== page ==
In Nevada, you have the right to protect yourself and others when facing an unprovoked threat of physical harm. Despite acting in self-defense, some people have been arrested for assault, battery, or even homicide after using force against another person. Reno criminal defense lawyer William J. Routsis understands that self-defense can be a complicated issue to present effectively. He has successfully argued self-defense theories on behalf of many defendants in Reno and other areas of Nevada and California.Nevada Self-Defense Laws
Generally, it is a crime to intentionally inflict a bodily injury upon someone else. However, using reasonable force against another person is permitted in some situations under Nevada law. An individual may defend themselves or another person with force as long as they reasonably believe that they are facing an urgent or pressing threat of bodily harm to them or another person, and as long as they use no more force than needed to deflect the threat. Typically, you have no duty to retreat before defending yourself in your home or in another place in which you have a legal right to be if you did not initiate the fight, and if you were not otherwise violating the law at the time.
Using deadly force or killing someone in self-defense is only allowed in limited circumstances. A homicide is justified in Nevada if the defendant or someone else was in imminent danger of death or substantial bodily harm, and a reasonable person in the same position would be in fear for their own life. Furthermore, the act cannot be committed out of revenge. Lethal force may also be justified to stop a home invasion in Nevada. Under the castle doctrine, you may use deadly force against an intruder who enters your home while you are present. The homicide may be justified even if you do not believe that the intruder is going to kill you or cause bodily harm.Establishing Self-Defense in a Criminal Case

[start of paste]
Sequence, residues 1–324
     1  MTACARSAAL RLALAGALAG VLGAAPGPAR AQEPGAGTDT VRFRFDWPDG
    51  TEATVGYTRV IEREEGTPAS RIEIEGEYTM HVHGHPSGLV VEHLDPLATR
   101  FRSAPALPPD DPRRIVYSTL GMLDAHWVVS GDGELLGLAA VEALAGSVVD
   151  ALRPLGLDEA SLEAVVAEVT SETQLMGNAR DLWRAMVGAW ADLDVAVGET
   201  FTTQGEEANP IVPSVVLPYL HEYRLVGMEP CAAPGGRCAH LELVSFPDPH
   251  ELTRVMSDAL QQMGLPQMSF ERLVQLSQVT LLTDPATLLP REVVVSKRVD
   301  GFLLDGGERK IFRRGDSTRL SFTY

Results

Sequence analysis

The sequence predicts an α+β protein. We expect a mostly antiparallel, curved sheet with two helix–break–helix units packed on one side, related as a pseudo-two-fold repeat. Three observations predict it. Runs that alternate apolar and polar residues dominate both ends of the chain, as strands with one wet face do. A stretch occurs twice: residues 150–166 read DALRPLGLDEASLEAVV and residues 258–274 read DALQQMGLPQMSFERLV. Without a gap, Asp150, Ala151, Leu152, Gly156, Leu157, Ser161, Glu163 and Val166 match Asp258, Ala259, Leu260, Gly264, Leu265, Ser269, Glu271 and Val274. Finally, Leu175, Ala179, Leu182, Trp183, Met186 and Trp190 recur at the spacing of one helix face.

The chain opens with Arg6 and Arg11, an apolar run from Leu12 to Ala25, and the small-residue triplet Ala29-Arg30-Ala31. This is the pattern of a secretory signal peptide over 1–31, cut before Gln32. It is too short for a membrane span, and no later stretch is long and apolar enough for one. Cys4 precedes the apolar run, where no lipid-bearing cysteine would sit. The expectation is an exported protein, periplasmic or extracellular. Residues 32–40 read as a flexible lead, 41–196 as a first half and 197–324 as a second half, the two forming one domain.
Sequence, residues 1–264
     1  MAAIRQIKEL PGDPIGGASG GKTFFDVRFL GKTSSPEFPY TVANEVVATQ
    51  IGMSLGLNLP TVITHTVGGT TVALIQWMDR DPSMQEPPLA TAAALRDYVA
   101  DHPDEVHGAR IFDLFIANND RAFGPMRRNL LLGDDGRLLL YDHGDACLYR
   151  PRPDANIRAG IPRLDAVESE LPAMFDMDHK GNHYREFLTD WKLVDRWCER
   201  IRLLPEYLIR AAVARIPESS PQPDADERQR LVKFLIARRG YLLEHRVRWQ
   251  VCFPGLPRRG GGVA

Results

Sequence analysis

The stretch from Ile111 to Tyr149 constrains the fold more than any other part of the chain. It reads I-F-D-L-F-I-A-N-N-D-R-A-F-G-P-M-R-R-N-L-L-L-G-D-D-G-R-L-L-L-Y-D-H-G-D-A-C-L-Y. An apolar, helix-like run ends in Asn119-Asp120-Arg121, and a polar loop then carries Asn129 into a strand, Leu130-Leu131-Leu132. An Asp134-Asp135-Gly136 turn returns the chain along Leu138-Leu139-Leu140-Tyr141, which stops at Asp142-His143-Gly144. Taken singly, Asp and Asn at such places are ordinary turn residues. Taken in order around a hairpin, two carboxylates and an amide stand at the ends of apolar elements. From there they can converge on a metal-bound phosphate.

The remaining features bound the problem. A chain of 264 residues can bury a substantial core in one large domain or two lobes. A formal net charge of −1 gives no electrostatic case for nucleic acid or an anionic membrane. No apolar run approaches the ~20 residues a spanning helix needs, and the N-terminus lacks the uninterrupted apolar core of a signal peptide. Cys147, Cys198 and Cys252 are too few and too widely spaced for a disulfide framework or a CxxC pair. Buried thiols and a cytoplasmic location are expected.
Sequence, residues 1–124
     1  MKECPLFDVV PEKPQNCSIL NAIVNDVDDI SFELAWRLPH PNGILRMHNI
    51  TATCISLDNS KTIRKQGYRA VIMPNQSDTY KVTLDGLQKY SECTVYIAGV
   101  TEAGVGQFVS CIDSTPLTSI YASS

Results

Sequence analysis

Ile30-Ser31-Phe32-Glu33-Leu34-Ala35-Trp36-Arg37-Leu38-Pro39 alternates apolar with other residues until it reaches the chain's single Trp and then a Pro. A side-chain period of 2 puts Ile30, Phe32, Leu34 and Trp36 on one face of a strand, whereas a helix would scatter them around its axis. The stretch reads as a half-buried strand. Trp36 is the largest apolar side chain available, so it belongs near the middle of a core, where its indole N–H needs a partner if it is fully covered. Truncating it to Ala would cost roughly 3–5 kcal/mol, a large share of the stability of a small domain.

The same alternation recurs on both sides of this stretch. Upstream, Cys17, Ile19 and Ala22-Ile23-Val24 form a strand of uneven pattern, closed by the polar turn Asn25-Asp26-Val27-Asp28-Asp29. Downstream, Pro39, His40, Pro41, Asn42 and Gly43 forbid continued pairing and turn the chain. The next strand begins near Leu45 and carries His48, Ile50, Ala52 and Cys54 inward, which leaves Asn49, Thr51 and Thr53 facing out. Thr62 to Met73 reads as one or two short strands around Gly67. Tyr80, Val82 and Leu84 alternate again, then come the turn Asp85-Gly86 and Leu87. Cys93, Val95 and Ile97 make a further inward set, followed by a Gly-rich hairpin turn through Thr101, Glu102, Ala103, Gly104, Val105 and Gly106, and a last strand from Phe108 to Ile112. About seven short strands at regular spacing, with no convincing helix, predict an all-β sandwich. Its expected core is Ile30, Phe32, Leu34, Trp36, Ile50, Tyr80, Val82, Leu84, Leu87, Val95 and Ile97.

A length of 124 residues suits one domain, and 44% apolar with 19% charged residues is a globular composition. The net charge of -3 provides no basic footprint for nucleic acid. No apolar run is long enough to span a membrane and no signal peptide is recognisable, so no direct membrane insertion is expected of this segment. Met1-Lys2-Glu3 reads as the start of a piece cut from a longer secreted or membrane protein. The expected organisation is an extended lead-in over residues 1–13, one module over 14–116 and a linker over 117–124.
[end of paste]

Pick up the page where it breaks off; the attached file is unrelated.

If the defendant in a criminal case in Reno or elsewhere in Nevada has acted in self-defense, they should be able to avoid being convicted of a crime. Self-defense may be asserted as a defense against most violent crimes, such as assault, battery, domestic violence, and homicide. In Nevada, self-defense is an affirmative defense. While the prosecution has the burden to prove that the defendant committed the alleged crime, the defendant has the initial burden to raise the issue of self-defense. If the record contains some evidence to support the defendant’s claim of self-defense, the burden then shifts to the prosecution to prove beyond a reasonable doubt that the defendant did not act in legitimate self-defense.
It is important to show that the defendant’s fear was reasonable and that the amount of force used was lawful under the circumstances. Evidence used to assert self-defense in a criminal case may include video or audio recordings from surveillance cameras and cell phones, testimony from medical examiners and other experts, and eyewitness testimony from individuals who were present when the incident occurred. Each case is different, and a qualified attorney can examine the facts and details of your situation for evidence of self-defense.Retain a Criminal Lawyer in the Reno Area to Contest Your Charges
If you are being prosecuted for an alleged violent crime, but you were acting in self-defense, an experienced criminal attorney can help you assert your innocence. William J. Routsis has represented defendants for over two decades in felony and misdemeanor criminal cases, including assault, domestic violence, and homicide. He understands the complexity of a self-defense claim and can assist you in presenting the evidence in the best possible light. Mr. Routsis serves defendants in communities such as Carson City, Elko, Lake Tahoe, South Lake Tahoe, Susanville, Winnemuca, and Quincy. To request a free consultation regarding your case, contact us online or call our office at (775) 337-2609.